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Trade war: GOP Senators are in open rebellion against Trump strategy



Republican senators are breaking ranks to criticise President Trump’s trade war with China, with no end in sight for tariffs levied by Beijing against US produce.

Senator Chuck Grassley, of Iowa, has been among the most vocal GOP critics of the president’s trade policies, which saw the US raise tariffs on $200 billion of Chinese imports on Friday.

On Tuesday, Grassley took the rare step of openly accusing the president of not listening to concerns he has expressed about the latest escalation of the confrontation between Beijing and Washington.

“I’m not sure if you talk to him face to face, he hears everything you say,” said the senator, who is chairman of the Senate’s finance committee, as quoted by the Washington Post Tuesday.

Grassley also said that the trade war would likely have an influence at the polls.

Trump with Chinese President Xi Jinping at a G-20 Summit in Hamburg, Germany.
AP/Saul Loeb

“It’s going to have some impact on elections, of course,” Grassley said, as quoted by The New York Times. “So far, I haven’t seen farmers abandoning Trump, but it’s going to have some impact.”

Other Republican lawmakers have also warned the president that patience among traditionally Republican-supporting farmers is wearing thin, as senators work with the administration to craft an aid package to farmers.

“I’d say the farm community is right on the edge of having been as supportive as they can be before that begins to turn,” GOP Senator Roy Blunt of Missouri told Bloomberg. “But hopefully the president will come to some conclusion here soon.”

“There’s a lot of concern,” Republican Senator John Cornyn, of Texas, told the Associated Press.

“If this is what it takes to get a good deal, I think people will hang in there, but at some point we’ve got to get it resolved,” Cornyn said. “If this goes on for a long time, everybody realizes it’s playing with a live hand grenade.”

In remarks to the Post, he described Trump’s planned proposals to ease the plight of farmers, for example by cash assistance, as “inadequate.”

According to reports, few farmers reliant on exports to China expected Trump’s trade war with China to last as long as it has. Trump signalled repeatedly that a trade deal between the world’s two biggest economies was close until negotiations abruptly collapsed last week.

“We kept hearing that talks were going well, it sure looked like this was all going to be taken care of soon,” John Heisdorffer, an Iowa farmer and chairman of the American Soybean Association told CNN Tuesday. “There’s a lot of uncertainty and a lot of emotions right now for farmers.”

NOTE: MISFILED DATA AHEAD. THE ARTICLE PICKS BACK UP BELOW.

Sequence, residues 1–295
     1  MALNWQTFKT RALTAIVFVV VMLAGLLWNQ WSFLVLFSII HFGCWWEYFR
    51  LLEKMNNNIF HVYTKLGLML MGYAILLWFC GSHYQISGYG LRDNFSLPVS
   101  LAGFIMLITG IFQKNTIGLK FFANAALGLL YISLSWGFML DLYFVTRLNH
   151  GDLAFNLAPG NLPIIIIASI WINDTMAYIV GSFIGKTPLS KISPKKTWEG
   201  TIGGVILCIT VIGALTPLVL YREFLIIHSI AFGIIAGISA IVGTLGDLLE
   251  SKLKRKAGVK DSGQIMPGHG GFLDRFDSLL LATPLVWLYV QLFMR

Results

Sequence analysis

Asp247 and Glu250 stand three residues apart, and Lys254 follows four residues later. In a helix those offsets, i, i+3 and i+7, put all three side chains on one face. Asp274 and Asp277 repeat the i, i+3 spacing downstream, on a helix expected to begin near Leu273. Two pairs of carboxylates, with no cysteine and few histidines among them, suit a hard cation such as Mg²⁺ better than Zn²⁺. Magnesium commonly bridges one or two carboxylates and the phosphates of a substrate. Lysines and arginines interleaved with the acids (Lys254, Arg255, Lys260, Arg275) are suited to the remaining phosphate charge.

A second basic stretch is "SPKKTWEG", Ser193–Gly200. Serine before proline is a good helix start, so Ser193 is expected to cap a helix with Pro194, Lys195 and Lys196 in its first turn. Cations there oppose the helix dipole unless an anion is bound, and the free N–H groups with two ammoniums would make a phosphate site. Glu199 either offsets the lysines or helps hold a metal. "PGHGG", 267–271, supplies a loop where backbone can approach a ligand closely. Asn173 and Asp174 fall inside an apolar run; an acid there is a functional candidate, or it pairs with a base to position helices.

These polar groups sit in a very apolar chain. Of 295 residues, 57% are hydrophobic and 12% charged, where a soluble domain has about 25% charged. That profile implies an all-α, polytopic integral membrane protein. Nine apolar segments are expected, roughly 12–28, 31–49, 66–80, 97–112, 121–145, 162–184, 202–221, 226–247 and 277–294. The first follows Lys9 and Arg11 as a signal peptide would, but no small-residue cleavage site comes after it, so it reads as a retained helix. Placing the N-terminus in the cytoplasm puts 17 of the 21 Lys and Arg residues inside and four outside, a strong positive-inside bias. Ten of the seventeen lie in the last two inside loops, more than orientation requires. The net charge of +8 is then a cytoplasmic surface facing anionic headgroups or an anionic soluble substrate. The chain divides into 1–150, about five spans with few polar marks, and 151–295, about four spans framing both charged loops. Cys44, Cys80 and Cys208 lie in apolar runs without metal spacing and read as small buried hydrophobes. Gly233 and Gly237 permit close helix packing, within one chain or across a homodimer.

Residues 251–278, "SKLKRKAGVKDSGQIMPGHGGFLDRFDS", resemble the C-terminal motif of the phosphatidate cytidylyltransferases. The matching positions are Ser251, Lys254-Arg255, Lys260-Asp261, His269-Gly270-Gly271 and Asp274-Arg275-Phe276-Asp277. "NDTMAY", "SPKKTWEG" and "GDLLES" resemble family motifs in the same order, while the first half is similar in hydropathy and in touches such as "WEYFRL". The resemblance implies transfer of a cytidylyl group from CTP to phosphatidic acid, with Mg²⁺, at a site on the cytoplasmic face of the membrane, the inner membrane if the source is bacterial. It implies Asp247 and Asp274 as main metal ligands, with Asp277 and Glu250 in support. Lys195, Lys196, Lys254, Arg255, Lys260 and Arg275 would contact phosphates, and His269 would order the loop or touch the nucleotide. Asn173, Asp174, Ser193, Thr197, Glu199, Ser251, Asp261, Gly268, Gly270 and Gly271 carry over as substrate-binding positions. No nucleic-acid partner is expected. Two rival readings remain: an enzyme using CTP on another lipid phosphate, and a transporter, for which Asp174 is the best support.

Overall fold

Beijing responded last April to Trump’s first round of tariffs with tariffs of its own targeting American agricultural produce. China is the second-largest export market for US farmers for crops including soybeans and wheat.

The tariff package was widely interpreted as designed to hurt a key bloc of the president’s support, as mid-term elections loomed.

In order to mitigate the worst effects of the tariffs on farmers, Trump last year authorized $12 billion in government assisstance, and told reporters at the White House Tuesday that money from the latest tariffs hike would be used to fund a new round of support.

“Out of the billions of dollars that we’re taking in [from tariffs], a small portion of that will be going to our farmers,” Trump said.

“We’re going to take the highest year — the biggest purchase that China has ever made with our farmers, which is about $15 billion — and do something reciprocal to our farmers.”

Senators have met twice with Vice President Mike Pence in the last week as the White House sought to ease their concerns, and are working with the admnistration to hammer out the details of the relief package.

Though support for the president in rural Republican heartlands has held, Democrats are already eyeing opportunities to take advantage of mounting unease over his trade policies.

“I think there is an opportunity. We have actually done some focus groups in farm country,” Celinda Lake, a Democratic pollster, told The Hill.

“Farmers were very loyal to Trump and wanted to give him a chance and thought everybody needed to do their fair share, but I think it’s getting different now.”

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